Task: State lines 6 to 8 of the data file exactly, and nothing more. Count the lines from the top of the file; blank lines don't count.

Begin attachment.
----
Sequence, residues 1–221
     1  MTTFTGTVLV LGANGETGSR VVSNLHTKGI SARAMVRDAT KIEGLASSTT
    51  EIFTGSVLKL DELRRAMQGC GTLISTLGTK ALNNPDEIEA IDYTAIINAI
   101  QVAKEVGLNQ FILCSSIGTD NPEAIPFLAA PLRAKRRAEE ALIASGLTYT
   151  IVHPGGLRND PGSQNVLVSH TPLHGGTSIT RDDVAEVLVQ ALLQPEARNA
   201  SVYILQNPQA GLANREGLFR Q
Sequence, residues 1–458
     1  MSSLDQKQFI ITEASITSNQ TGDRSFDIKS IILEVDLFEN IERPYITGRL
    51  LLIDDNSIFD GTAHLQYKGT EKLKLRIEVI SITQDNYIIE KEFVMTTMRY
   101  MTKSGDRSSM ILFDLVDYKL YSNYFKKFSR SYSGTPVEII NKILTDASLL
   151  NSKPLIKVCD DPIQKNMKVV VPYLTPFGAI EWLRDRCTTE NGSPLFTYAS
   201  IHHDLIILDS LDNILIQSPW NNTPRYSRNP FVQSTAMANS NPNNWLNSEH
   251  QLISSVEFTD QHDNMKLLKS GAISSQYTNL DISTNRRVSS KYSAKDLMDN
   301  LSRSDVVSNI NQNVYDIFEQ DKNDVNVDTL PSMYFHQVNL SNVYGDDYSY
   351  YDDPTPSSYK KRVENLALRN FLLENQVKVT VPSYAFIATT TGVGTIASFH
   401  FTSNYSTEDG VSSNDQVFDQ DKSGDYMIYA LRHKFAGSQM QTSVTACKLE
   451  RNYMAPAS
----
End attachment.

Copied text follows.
   201  SVYILQNPQA GLANREGLFR Q
Sequence, residues 1–458
     1  MSSLDQKQFI ITEASITSNQ TGDRSFDIKS IILEVDLFEN IERPYITGRL